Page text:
Friday, November 22, 2013

Jonah, Monstro, and Mr. Bunko


 This past Sunday, the pastor of our church spoke from the Old Testament book of Jonah. You, I am sure, are familiar with the story. Or are you? Apparently Jonah was swallowed by a fish. It was Pinocchio and his creator, Geppetto, who were swallowed by a whale. Jonah was vomited onto dry land by the un-named fish, and Pinocchio and Geppetto were sneezed out of Monstro the whale. They then surfed and paddled to safety from the enraged Monstro, who pursued them angrily.

During the sermon, my mind wandered back to elementary school, where we had a student teacher who had a great idea.

Understand that I was in elementary school in the ‘70s. This was the decade of free love, earth day, sex, drugs, and rock and roll, and macram√©. In the midst of this mix of craziness, a college senior had a great idea.

This young man, whom I shall call Mr. Bunko, was enthused about saving the earth, teaching the youth of the world to read and write, and passing on a deep appreciation and commitment to saving the earth from being destroyed by people.

How did he accomplish these lofty goals with only a few days in the class room?

He had his students each write a letter to the emperor of Japan, asking, pleading, reasoning with him to stop killing whales. I diligently wrote, after thinking about it for quite some time (I was an excellent procrastinator even as a young boy).

I knew that whale hunting was a big business in Japan and employed many people. I reasoned that if Japan stopped hunting whales, many people would not have a job and that would be bad. Therefore, in a stroke of genius, I offered the emperor of Japan my allowance.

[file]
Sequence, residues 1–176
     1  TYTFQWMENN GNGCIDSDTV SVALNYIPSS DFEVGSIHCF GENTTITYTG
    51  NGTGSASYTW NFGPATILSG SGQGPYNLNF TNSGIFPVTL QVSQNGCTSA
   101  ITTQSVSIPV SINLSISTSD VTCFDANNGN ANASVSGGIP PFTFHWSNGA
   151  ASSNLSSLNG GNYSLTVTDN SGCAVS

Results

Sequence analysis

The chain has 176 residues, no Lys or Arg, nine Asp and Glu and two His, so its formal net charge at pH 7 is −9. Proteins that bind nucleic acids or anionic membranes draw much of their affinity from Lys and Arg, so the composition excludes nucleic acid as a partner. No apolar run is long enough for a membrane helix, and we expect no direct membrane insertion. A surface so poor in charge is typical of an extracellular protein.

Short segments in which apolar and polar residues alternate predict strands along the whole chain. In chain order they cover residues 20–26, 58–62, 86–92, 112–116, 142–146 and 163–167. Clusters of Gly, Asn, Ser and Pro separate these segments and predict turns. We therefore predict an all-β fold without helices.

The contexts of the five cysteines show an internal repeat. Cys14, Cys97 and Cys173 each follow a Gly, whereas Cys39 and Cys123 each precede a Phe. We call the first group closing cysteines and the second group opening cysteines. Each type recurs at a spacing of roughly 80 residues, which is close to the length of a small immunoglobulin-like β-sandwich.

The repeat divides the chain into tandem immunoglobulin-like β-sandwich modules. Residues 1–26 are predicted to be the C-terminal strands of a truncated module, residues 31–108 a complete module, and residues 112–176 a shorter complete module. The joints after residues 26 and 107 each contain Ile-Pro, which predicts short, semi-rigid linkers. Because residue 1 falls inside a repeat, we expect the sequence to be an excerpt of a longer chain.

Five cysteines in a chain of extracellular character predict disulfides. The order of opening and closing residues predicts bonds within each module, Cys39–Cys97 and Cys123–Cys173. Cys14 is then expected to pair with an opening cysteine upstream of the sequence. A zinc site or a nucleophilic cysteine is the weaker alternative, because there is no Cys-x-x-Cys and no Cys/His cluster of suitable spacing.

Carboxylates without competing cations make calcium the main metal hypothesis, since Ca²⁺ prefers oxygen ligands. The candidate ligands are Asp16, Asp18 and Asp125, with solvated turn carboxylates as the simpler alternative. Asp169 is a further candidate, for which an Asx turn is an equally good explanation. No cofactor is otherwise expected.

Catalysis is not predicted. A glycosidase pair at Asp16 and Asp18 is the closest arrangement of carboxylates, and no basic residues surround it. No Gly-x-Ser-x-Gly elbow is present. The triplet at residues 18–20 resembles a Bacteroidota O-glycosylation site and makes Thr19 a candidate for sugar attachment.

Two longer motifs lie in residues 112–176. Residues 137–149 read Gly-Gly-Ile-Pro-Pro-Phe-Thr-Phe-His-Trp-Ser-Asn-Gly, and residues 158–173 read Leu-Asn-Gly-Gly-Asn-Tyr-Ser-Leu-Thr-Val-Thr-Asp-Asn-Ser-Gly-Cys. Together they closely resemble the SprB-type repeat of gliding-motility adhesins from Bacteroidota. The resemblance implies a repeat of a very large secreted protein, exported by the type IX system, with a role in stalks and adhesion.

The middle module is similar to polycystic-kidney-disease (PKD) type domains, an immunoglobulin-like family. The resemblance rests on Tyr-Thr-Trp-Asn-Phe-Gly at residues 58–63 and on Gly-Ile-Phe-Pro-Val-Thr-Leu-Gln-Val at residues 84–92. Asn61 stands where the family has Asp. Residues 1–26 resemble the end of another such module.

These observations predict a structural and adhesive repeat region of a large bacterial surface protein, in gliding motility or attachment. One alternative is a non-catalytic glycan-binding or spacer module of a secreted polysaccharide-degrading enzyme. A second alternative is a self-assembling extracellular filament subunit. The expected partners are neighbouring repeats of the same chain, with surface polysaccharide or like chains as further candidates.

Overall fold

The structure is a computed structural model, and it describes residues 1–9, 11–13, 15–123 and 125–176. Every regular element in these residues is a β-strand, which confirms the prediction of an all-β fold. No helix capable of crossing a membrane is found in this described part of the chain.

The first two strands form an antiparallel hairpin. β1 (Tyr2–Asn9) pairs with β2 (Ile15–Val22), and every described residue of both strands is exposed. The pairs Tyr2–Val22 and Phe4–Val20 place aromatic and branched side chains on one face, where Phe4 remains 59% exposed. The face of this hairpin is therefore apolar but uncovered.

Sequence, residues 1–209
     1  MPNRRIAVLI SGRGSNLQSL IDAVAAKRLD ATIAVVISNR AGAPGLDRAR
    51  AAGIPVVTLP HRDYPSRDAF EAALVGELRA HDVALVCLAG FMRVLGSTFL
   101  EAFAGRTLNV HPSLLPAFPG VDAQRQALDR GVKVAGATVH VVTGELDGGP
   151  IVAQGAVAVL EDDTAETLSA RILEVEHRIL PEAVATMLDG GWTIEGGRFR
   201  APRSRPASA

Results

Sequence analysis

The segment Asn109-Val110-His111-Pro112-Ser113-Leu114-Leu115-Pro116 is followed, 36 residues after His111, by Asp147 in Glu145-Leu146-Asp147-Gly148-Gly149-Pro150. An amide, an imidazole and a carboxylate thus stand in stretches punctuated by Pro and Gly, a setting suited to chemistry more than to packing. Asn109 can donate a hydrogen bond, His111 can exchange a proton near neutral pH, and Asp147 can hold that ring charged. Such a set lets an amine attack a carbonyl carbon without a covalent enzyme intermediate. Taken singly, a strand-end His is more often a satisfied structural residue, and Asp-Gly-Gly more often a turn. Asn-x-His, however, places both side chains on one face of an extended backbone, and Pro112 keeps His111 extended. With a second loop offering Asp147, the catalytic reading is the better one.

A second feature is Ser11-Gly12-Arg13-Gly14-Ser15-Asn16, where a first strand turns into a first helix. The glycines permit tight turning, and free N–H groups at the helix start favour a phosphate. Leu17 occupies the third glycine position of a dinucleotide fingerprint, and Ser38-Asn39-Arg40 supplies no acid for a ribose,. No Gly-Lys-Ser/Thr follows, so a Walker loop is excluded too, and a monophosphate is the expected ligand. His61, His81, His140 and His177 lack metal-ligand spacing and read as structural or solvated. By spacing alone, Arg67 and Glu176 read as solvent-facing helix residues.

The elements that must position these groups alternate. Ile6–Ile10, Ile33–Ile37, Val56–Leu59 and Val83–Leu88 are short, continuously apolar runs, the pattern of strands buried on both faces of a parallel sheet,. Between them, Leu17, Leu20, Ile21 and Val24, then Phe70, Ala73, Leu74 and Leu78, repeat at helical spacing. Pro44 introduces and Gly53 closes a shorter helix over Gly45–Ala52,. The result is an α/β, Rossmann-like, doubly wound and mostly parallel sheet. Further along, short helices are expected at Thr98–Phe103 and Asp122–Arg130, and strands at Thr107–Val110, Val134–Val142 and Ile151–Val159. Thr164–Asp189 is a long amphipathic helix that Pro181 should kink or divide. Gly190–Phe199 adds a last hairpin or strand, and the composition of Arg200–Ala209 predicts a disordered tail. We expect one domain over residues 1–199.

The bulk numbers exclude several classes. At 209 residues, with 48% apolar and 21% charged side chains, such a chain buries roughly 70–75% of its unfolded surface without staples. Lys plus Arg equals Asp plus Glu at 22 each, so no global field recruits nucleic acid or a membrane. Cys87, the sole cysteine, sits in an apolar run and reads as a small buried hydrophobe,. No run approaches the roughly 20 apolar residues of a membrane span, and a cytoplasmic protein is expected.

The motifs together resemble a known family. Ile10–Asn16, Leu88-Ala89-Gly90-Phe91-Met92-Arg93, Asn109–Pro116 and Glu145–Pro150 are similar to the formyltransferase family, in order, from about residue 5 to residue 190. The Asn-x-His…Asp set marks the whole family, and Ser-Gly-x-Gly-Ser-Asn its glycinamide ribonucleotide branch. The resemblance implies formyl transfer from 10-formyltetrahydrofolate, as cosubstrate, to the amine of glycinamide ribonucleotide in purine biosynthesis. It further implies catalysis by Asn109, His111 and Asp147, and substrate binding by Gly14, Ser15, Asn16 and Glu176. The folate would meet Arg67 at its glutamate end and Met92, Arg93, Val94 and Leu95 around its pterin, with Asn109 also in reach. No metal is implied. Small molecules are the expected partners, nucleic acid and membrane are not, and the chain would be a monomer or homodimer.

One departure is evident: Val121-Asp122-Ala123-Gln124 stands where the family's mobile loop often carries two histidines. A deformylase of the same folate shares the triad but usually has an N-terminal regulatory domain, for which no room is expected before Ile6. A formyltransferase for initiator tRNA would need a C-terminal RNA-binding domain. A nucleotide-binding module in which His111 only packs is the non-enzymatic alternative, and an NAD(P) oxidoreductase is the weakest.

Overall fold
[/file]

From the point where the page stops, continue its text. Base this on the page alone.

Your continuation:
Mr. Bunko was unimpressed. He called me to his desk, which wasn’t really his desk; he simply was squatting in my regular teacher’s territory. I do not remember his exact words, but he was not happy with my offering the emperor of Japan my allowance. He seemed to think that this was a silly, trifling thing that would not, could not, sway the supreme ruler of
Japan to stop a huge industry with a long and important history to his country. And he demanded a re-write.

I don’t think I ever did that re-write.

He was right about my letter. Yet, I was crushed. From that day I hated writing, especially letters. Now, today I write a letter to Mr. Bunko.

Dear Mr. Bunko,

Many years have passed since I wrote that letter to the emperor of Japan, the letter in which I offered him my allowance if he ended the practice of hunting whales. I was saddened by your reaction to my writing. I am still sad to this day. I am not sad because of your words to me; I am sad that you did not recognize the absolute natural genius sarcasm I wrote in that letter.

Honestly, did you think that 23 letters written by elementary school students from New York would change his mind regarding this large and historic industry. Students, not from the great city of New York, but in a medium-sized city in a part of the state that many people forget is even there. Students who were not even residents of that city, but lived in a nondescript suburb of that medium-sized city. I am sure that those letters produced as much change in the emperor’s attitude as my promise of turning over my measly allowance would have.

Today I realize the sarcasm that naturally flowed into that letter, and I am proud.

Therefore, as an adult, a parent, a writer, and a lover of education, I demand you re-write your lesson plan. I expect the revisions on my desk by the end of the day.

2 comments:

  1. I hope the Mr. Bunko's out there read this, Rob. Even though there are so many good teacher out there, there are still a few too many who crush spirits. Having enjoyed your blog posts, I'm glad that your writing spirit returned :)

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  2. It is time to stop being sad. Like Diane, I'm pleased that you have continued to write. But have faith, even the actions of one small boy can change the world!

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